This morning I took a deep breath as I left my apartment (due in part to the insane pollution we’ve had in Nanjing the last few days, which Global Times reported was the equivalent of smoking 15 packs of cigarettes), and prepared myself for a trip to one of the worst places in China- the post office. Now bear in mind that I myself am the grandson of a post master general, and I worked for a few years in a shipping company so I generally respect the institution. I’m also well versed in shipping regulations and proper packing. But China Post is an unforgiving place, and so it was with great trepidation that I set out on my task this morning.
During my 5 years in China, I’ve moved 4 times, and each time I’ve nearly ended up in a fist fight with a postal worker. This is usually because of regulations that don’t seem to exist anywhere on paper, and change dramatically between postal workers. For instance, a friend was once told that CD’s could not be mailed because they were “cultural artifacts.” Another time I was told that my toaster oven could not be shipped during the summer because it would be damaged by the heat. Once my wife was told that she couldn’t mail tea to the States, while the man next to her sent off a bag of dried worms without a problem. In all of these cases the headache was solved with a second trip to the Post Office and talking with a different employee.
But those are just the arbitrary whims of individuals, the actual regulations are no less painful. For instance, every box is to be inspected by a postal worker before it can be shipped. At this point my wife and I simply brace ourselves for the fact that a good chunk of the things in the boxes will not actually be successfully sent for reasons we will never understand. Not only does the person rifle carelessly through your stuff, but they undo all of your careful packing.
To me it was a small comfort to learn that my co-workers shared my dislike of China Post, as one joked yesterday, “I have to go to the post office today, so I made sure to take my blood pressure medication this morning.”
Today though, my wife and I must have won some kind of karmic lottery. The woman who was assigned for sealing our packages asked, “Is there any food in here?” I said, “No,” and she taped all four of them right up. We were so excited that we practically skipped with the 45 pound packages to the next counter. The woman there glared at the packing slips for a few seconds, carefully weighing our fate, and decided that our packages could indeed be shipped.
It’s amazing that after being worn down by China Post for 5 years, that sending four boxes in just over an hour, without having to wait in a single line, is considered a major success. Even my Chinese co-workers agreed that this was a feat worth celebrating. With that my wife went to the Bank of China to press her luck.
I once left a small bottle of perfume with a friend in Beijing and asked her to mail it as a gift to a friend who lives in Xining. Apparently this proved impossible as China Post deemed the scent a fire hazard. If this was true, why would airlines sell perfume as part of their onboard duty free service? I asked my friend, but she totally accepted China Post’s ruling. If only she had tried another employee!
I have had nearly all the events described above happen to me as well (tea, CDs, lost goods, etc.). The last several times, however, I’ve been assisted by a most amiable and helpful gentleman who has greatly eased the stress of the whole transaction. It is truly astonishing (and depressing) how varied one’s experience may be in that institution, based merely on whomever you may happen to be dealing with at the time of your visit.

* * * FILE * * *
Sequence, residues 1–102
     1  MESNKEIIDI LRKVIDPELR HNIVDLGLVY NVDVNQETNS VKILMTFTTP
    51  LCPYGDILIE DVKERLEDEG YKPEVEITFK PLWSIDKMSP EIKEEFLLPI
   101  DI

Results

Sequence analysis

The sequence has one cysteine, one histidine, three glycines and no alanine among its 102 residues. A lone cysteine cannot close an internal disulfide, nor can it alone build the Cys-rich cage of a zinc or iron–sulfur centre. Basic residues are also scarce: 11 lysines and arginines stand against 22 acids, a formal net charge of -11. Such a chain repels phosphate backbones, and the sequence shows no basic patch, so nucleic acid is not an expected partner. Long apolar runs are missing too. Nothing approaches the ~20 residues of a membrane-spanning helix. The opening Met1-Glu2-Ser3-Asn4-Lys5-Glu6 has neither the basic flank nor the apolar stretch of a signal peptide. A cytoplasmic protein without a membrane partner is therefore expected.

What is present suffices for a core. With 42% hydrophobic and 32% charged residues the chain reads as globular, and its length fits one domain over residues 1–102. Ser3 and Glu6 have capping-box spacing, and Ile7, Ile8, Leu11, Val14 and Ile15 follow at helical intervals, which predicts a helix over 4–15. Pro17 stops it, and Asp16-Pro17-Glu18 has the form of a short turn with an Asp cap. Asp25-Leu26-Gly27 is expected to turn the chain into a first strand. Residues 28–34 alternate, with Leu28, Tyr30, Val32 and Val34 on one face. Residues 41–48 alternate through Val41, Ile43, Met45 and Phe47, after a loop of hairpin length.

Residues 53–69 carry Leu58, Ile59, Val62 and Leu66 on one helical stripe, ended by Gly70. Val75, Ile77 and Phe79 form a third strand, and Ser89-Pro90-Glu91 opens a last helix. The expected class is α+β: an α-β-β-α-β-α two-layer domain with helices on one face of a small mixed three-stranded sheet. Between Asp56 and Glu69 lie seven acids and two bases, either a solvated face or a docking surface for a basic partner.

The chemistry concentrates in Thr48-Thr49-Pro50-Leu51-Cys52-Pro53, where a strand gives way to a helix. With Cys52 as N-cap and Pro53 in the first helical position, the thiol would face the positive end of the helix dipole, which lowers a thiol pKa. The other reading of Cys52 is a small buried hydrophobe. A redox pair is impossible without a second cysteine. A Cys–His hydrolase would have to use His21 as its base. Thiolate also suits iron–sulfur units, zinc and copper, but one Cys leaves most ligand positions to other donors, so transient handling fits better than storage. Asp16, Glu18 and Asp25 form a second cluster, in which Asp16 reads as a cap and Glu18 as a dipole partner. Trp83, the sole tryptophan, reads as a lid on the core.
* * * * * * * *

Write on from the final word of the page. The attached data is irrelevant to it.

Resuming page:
That is so funny– once again, this is a post that could’ve been written by myself and my husband. It’s so true that who you get can make a works if difference. I used ti get so upset at one employee in our Hunan village post office in particular that my husband started to have me wait outside on the steps of post office, so as to avoid exacerbating the situation with my obvious anger/exasperation.
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Ahhh, the things we have to put up with living here in China as westerners. It really teaches us a lot about tolerance, patience and just how for more progressed EU and USA is than China. Every time I go outside, I take a dose of humility and understanding so that I don’t lose myself/temper in the cultural habits here.
Apparantly you can’t send laptop chargers via air mail because they might blow up. True story.
Yeesh…I am not looking forward to all of that. My partner, Mariah, and I will be heading to Jingmen, Hubei in the fall. While we are super psyched about finally living in China, I will probably have to do the same with her waiting outside the post office for every visit. Tom, if you care to meet up, duder, let me know!
Hmmm, so things haven’t really improved in the last 15 years or so… It really used to be a nightmare. The first time I went, no one told me the various “rules”, written or unwritten, so it was a bit of a challenge getting in and out in one piece and without any hassle. After that, some of my Chinese friends volunteered to handle the post office visits for me. Suffice to say I felt rather fortunate. 🙂
Just decided that I was close enough to Haikou on this year’s massive bike trip that I could ship my tent, sleeping bag, dirty laundry and whatnot. Previous visits to the post office to get rid of my winter clothing were relatively straightforward. This time they got annoyed that my rained on dirty laundry smelled up the post office (after they pulled it out of the panniers) and nearly rejected everything because my copy of Red Star Over China had a picture of Map on the cover.
Q: “How do you say ‘customer service’ in Chinese?”
A: “Meiyou banfa”